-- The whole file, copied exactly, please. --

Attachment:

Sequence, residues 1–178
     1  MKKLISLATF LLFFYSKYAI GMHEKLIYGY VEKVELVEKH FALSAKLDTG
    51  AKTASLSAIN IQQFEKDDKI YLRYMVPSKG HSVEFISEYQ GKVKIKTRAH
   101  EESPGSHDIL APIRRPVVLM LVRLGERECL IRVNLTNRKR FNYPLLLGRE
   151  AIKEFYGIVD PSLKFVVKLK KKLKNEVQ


Sequence, residues 1–178
     1  MKKLISLATF LLFFYSKYAI GMHEKLIYGY VEKVELVEKH FALSAKLDTG
    51  AKTASLSAIN IQQFEKDDKI YLRYMVPSKG HSVEFISEYQ GKVKIKTRAH
   101  EESPGSHDIL APIRRPVVLM LVRLGERECL IRVNLTNRKR FNYPLLLGRE
   151  AIKEFYGIVD PSLKFVVKLK KKLKNEVQ